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GLOBAL MARKETS-U.S. dollar up, yield curve flat, on inflation; stocks pause
October 17, 2017 / 4:08 PM / a month ago

GLOBAL MARKETS-U.S. dollar up, yield curve flat, on inflation; stocks pause

* Wall Street mixed, Europe flattens near record highs

* U.S. 2-year yields pop to near 9-year high

* Oil prices build on prior day’s gains as supply threatened

* Sterling sinks as rate-setters talk (Recasts with U.S. trading, updates throughout, changes byline, dateline, previous LONDON)

By Hilary Russ

NEW YORK, Oct 17 (Reuters) - U.S. stocks turned mixed on Tuesday, with traders unimpressed by some bank earnings reports, while the U.S. Treasury yield curve flattened and the dollar rose to a one-week high on increased inflation expectations.

World stocks’ gains petered out near record-high levels, in part because of a rally in commodities that helped underpin one of the most durable bull runs in recent history.

While Goldman Sachs Group Inc and rival Morgan Stanley topped analyst expectations with their third-quarter earnings, shares of Goldman fell because earnings were fuelled by a volatile unit which has sharp revenue swings, analysts said.

European shares were flat, underpinned by solid earnings from food group Danone and education specialist Pearson and talk of a break-up of investment bank Credit Suisse.

MSCI’s gauge of stocks across the globe shed 0.2 percent.

Meanwhile, the yield spread between U.S. 5-year and 30-year Treasuries fell to its lowest since mid-November 2007, and 2-year yields rose to their highest in nearly nine years after the strongest reading on U.S. import prices in more than a year raised inflation expectations.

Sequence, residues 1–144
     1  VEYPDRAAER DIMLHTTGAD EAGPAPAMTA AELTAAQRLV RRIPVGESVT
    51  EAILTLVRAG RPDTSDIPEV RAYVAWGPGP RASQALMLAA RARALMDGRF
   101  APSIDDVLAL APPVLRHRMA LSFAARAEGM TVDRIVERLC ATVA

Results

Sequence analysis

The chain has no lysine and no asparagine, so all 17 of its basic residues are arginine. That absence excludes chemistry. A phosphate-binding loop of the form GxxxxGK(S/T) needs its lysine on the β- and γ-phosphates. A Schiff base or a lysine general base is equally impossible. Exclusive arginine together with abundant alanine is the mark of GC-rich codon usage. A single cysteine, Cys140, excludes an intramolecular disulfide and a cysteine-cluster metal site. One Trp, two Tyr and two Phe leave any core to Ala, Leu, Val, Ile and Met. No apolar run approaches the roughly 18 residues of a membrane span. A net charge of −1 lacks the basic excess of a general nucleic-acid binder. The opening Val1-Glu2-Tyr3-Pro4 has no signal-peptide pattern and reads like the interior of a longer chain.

The Labor Department said import prices jumped 0.7 percent last month, the biggest gain since June 2016, after an unrevised 0.6 percent rise in August.

“Market participants are kind of hanging on to a thread of hope about inflation numbers,” said Guy LeBas, chief fixed income strategist at Janney Montgomery Scott LLC in Philadelphia.

Speculation that U.S. President Donald Trump was leaning towards nominating Stanford economist John Taylor to head the Federal Reserve also pushed short yields and the dollar higher.

A fourth day of gains for the dollar index, which hit a one-week high, was also supported by broad-based weakness for the euro and the pound.

“Taylor is perceived as more hawkish than Ms.(Janet) Yellen so under his potential tutelage, the central bank might lift borrowing rates more aggressively, which would bolster the dollar’s allure,” said Joe Manimbo, senior marker analyst at Western Union Business Solutions in Washington.

German Bunds and UK gilts had initially followed U.S. yields higher. British and euro zone inflation figures both came in strong to bolster bets on the first UK rate rise in over a decade and stimulus withdrawal from the European Central Bank.

The moves then unravelled after comments from Bank of England policymakers that were interpreted as dovish, with the euro and sterling falling.

“Comments coming out (from BoE policymakers) uniformly signalled a dovish and cautious stance among policymakers and indicated a growing debate internally on the path for interest rates forward,” said Neil Jones, Mizuho’s head of currency sales for hedge funds in London.

Oil prices reversed course after Monday’s gains, which came as fighting between Iraqi and Kurdish forces threatened supplies from northern Iraq while tension rose between the United States and Iran.

U.S. crude fell 0.98 percent to $51.36 per barrel and Brent was last at $57.36, down 0.8 percent.

The Dow Jones Industrial Average rose 20.46 points, or 0.09 percent, to 22,977.42, the S&P 500 lost 0.85 point, or 0.03 percent, to 2,556.79 and the Nasdaq Composite added 0.52 point, or 0.01 percent, to 6,624.52.

Bellwether industrial metal copper dropped 1.40 percent to $7,034.50 a tonne on the stronger dollar after soaring to a three-year high on Monday.

Additional reporting by Marc Jones, Fanny Potkin and Christopher Johnson in London and Olivia Oran, Dion Rabouin and Gertrude Chavez-Dreyfuss in New York; Editing by John Stonestreet and James Dalgleish

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